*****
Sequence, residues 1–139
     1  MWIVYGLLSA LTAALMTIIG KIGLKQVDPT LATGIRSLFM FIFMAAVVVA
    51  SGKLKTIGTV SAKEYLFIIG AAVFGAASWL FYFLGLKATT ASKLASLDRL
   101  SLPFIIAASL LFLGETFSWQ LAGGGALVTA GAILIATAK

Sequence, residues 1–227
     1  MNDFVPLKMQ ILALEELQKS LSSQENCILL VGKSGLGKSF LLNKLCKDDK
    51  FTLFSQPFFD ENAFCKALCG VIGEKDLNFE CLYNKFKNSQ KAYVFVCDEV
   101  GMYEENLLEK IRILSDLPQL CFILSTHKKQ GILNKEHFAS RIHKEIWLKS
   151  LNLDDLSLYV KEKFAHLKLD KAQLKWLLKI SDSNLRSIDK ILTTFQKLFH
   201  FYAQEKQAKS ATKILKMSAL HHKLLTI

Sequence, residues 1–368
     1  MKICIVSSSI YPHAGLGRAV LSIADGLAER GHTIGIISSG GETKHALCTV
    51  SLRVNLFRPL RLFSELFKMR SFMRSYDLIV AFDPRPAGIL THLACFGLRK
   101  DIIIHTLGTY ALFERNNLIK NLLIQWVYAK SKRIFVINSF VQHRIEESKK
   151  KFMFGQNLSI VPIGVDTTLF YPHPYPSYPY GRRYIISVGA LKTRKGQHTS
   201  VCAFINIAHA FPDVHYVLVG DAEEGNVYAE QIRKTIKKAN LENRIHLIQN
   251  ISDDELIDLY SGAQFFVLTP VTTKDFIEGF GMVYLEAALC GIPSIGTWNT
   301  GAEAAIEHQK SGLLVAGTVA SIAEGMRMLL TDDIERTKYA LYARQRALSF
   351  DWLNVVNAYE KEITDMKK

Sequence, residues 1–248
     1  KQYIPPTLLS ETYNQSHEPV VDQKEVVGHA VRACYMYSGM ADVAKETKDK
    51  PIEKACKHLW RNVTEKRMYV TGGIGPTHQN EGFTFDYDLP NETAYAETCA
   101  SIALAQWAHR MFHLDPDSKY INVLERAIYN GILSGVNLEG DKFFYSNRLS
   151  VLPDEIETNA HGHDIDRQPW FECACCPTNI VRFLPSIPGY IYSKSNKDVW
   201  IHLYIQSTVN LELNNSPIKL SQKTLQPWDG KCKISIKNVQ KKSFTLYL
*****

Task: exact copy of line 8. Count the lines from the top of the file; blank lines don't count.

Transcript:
   101  GMYEENLLEK IRILSDLPQL CFILSTHKKQ GILNKEHFAS RIHKEIWLKS